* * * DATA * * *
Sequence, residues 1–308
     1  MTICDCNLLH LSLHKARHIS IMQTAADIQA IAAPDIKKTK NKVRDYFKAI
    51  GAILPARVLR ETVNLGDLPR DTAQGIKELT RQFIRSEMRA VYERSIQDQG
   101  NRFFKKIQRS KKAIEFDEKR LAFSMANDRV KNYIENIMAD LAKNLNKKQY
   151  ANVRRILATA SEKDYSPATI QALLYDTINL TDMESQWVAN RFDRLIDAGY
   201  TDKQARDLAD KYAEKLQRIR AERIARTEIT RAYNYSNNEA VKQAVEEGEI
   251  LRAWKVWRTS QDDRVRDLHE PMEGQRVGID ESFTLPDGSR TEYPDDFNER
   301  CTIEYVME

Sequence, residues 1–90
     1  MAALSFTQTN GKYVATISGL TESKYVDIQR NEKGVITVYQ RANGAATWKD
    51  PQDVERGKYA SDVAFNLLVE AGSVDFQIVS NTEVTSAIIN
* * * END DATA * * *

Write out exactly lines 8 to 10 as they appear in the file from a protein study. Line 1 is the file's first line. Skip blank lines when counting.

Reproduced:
   301  CTIEYVME

Sequence, residues 1–90
     1  MAALSFTQTN GKYVATISGL TESKYVDIQR NEKGVITVYQ RANGAATWKD